Tales from Spéir: Corsairs

Before the fall, Corsair, Privateer, and Pirate were names The Nations gave to sailors who got on the wrong side of their wars. They talked about them like they were all raiders and thieves. It’s true that many who became Corsairs turned to raiding and thieving once they lost their nation’s graces, but most started as ships that had suddenly lost their fleets and had no ports to call home.

Of course we don’t have nations anymore. Today a Corsair is any Sky Jack that sails without the blessing of the Red Feathers. Just like the pirates who came before them, Corsairs sometimes turn to desperate measure to stay in the sky. It’s also true that they attack Red Feather ships. Red Feathers would have you think that Corsairs are just Mariners who took to the sky.

Now I might be just a lucky old Sky Jack who just happened to avoid the worst of them, but in my years I’ve shared drinks and an Illimat with more than a few Corsairs. They didn’t seem too different from your average Sky Jack to me. The largest difference probably being that they’re a bit more worn for their years. That and the stories.

If you ever get the fortune to sit at an Illimat with a Corsair you do yourself two favors: Don’t bet too much, and ask em for a story. Most Sky Jacks just get to go wherever the Red Feathers tell them, but Corsairs don’t have to go anywhere. They get to sail to places Red Feathers won’t even bother to chart. Some have even seen places that The Nations never even knew about. It’s not a popular opinion, but I’m fond of em.

Of course I never seen The Tempest. The first ship to be named a crew of corsairs.  But I know it’s real, and no matter what The Red Feathers tell you, I know she’s still out there, and even The Mariner might think twice about crossing swords with them.

I been around long enough to know that if someone tells you that any folk are monsters, they have a reason to do that what got nothing to do with their concern for your wellbeing. Even if The Red Feathers pay the checks that keep this belly fat they ain’t earned the right to tell me who’s a monster.

The only monsters on the Speir come from the sea. If you don’t remember any of my other stories, you’d do well to remember that.

Tales from Spéir: The Mariner

Long ago, when the stars shone in greater number than any could hope to count, the seasons came in sequence, and the sea was tame, the people of Spéir divided the earth into things called nations. Vast collections of cities that gave fealty to a few powerful rulers. Nations used the seas to make trade and war. They spread their power across Spéir to places no one has seen in a hundred years.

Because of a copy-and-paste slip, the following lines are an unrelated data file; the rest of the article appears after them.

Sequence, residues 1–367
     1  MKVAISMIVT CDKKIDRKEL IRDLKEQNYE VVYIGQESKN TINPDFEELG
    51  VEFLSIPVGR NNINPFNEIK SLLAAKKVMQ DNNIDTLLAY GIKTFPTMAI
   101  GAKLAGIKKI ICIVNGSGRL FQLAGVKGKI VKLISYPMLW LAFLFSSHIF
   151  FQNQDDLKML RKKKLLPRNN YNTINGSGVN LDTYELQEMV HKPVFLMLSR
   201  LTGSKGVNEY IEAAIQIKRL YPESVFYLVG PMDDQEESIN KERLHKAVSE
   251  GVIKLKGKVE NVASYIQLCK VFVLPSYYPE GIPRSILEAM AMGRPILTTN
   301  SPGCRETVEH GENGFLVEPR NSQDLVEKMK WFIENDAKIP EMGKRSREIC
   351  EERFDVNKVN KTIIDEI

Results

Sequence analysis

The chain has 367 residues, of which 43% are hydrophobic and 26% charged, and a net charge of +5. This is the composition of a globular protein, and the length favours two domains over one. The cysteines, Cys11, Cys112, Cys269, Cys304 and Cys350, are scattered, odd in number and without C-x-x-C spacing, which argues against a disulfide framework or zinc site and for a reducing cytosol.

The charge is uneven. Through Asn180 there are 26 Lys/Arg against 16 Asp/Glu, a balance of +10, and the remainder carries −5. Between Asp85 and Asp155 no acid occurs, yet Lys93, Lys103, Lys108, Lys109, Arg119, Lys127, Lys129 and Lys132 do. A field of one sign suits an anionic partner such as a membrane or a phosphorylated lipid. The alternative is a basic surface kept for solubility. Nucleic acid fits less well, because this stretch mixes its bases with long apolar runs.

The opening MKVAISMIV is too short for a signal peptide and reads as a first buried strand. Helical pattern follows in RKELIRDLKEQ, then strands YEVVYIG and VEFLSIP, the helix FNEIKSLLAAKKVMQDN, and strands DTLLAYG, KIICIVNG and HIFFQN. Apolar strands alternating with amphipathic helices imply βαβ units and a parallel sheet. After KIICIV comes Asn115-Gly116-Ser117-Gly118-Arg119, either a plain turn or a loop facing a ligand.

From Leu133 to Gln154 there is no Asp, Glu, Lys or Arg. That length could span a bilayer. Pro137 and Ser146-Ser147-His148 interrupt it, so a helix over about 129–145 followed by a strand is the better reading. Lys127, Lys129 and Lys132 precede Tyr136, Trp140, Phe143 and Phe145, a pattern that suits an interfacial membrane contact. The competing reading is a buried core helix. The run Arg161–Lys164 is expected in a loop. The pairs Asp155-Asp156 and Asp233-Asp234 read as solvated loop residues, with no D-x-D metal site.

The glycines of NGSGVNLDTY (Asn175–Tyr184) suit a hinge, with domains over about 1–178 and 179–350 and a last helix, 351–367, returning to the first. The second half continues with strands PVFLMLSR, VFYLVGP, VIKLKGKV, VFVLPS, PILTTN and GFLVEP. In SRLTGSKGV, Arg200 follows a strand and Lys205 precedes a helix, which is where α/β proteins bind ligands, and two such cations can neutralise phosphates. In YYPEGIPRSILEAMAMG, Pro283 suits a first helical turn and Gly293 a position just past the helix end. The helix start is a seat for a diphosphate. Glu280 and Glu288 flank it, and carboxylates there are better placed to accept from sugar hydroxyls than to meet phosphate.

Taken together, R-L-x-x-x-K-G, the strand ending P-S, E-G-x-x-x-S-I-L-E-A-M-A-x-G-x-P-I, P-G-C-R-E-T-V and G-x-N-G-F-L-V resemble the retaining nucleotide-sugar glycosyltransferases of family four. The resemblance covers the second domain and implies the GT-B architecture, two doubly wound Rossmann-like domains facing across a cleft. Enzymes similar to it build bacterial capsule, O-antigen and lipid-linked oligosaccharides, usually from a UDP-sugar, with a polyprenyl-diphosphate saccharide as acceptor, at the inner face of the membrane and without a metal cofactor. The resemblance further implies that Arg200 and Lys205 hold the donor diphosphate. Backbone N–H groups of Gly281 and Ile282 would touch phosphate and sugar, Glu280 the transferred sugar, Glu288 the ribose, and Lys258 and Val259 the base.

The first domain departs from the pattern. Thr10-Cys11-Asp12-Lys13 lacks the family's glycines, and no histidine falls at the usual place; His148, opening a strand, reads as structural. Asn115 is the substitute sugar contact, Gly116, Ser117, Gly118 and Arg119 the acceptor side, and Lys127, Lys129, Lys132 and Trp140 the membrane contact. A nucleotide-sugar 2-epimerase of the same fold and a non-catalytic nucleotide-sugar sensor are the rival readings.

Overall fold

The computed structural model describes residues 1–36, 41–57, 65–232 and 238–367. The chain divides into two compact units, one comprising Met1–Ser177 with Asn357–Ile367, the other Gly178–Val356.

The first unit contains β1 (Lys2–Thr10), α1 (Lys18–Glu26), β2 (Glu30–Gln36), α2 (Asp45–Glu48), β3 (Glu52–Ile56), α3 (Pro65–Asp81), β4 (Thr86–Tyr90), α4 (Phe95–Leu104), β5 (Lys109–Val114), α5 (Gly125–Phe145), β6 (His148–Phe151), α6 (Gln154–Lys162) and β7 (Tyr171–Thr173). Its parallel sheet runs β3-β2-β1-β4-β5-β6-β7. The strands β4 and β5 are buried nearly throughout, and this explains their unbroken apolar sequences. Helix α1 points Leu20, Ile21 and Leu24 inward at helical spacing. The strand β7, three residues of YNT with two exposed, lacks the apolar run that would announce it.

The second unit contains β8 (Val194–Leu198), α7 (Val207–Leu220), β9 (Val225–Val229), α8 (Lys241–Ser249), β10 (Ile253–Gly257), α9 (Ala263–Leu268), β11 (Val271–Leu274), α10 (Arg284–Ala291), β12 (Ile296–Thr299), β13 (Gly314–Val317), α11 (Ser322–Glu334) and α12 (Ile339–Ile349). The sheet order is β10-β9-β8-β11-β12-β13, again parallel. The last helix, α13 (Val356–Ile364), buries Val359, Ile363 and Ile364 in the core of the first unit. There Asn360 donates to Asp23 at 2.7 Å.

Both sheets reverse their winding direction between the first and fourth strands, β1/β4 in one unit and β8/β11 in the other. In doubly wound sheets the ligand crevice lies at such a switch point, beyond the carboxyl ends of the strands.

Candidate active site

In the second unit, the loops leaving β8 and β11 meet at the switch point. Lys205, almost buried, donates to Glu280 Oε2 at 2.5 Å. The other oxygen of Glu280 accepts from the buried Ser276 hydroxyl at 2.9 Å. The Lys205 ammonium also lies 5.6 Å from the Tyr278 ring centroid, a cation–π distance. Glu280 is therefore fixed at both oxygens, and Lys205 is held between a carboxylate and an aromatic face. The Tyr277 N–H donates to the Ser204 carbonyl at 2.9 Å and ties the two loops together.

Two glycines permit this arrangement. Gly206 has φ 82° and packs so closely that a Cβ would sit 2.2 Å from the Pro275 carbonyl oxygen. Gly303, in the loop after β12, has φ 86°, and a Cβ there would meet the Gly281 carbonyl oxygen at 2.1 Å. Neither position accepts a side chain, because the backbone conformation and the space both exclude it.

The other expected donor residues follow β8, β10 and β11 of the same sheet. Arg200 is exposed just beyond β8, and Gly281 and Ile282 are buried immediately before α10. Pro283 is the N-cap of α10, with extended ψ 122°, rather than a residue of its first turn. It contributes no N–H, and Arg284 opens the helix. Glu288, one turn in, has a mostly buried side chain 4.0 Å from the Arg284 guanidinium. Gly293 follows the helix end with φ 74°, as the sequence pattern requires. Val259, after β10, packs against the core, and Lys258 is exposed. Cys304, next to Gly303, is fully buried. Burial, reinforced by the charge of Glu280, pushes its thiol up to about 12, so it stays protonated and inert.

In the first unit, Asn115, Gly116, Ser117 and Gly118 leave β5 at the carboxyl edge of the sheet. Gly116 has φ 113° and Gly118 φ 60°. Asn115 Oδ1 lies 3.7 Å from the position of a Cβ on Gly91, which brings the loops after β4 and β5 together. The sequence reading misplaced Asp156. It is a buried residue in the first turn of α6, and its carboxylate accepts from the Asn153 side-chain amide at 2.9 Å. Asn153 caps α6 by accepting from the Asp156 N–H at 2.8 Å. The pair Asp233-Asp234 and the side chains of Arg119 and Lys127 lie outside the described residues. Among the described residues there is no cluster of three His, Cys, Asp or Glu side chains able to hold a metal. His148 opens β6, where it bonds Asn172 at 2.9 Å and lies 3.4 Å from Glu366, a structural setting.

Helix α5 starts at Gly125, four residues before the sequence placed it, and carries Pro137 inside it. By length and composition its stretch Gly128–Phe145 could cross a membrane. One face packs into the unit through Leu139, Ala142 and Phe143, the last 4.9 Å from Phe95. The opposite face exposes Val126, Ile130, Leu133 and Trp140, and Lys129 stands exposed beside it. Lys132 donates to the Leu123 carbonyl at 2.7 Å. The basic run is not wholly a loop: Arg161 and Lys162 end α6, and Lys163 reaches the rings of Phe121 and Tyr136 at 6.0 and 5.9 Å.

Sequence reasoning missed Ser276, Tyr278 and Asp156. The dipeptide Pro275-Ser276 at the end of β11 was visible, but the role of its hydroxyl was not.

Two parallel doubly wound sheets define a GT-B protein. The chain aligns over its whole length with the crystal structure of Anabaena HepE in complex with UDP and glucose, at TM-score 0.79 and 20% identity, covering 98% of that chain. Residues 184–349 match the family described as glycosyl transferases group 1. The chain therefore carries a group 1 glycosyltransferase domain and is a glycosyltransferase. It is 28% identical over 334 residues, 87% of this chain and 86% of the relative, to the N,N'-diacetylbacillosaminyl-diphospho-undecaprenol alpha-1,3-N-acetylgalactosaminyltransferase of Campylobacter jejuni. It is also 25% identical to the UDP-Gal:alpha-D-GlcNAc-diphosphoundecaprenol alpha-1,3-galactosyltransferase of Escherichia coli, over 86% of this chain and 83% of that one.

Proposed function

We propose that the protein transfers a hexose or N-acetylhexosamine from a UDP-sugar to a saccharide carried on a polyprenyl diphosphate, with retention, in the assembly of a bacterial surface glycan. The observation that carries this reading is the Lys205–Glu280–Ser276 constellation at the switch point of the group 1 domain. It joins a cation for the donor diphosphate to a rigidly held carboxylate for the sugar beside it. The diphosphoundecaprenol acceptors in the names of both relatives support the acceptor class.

Then the stars fell, the seasons went feral, and the sea turned foul.

There are none alive today who remember the world before the fall, but we tell the stories of those who heard stories from those who did.

They say there is an island that makes its home in any place a sailor can no longer see land. It is made not form the bones of Spéir, the rocks and soil you and I call home. It is built from the bones of ships and dead men.

It calls to sailors, lost, hungry and homesick. It offers them the promise of firm ground, green grasses, and dry air. Some say it calls with songs. Whatever temptation a sailor needs to abandon their senses and change course from the Starwatcher’s chart. Most who see the island are drawn to crash upon its shores and rot away to join the rest of the bones that make up that foul place.

Those clever few who escape The Island’s call bear The Mariner’s Mark. A black spot upon their palm. Those foolish enough to return to sea after seeing The Island never return.

It was upon this cruel mockery of the land that The Mariner was born. It walks and talks like a creature of the land but do not be fooled The Mariner comes from the sea. Its blood is bryne, its flesh is foam, and its bones are the flotsam of 10,000 ships that met their end on that hateful island.

The Mariner is a prophet of dark revels. Calling men from the land to the waves. Today those who bear The Mariner’s Mark hear call. The lucky ones end their lives trying to drown out the voice. The rest slip into the sea. They join the legion of half-men who sail the endless sea and devour all the water can touch.

There are none alive that know what  The Mariner wants. We know it hates the land. We know it hates the sky. So when we see sails on the water, we close the gates, we bar the doors, and kiss the dirt that it might stay beneath our feet another day.

“Duet Musette”
Kevin MacLeod (
Licensed under Creative Commons: By Attribution 3.0

Tales from Spéir: Sky Jacks

I can see you’re curious. Lucky for you this old Ariner has had more than enough drink needed to tell a tale.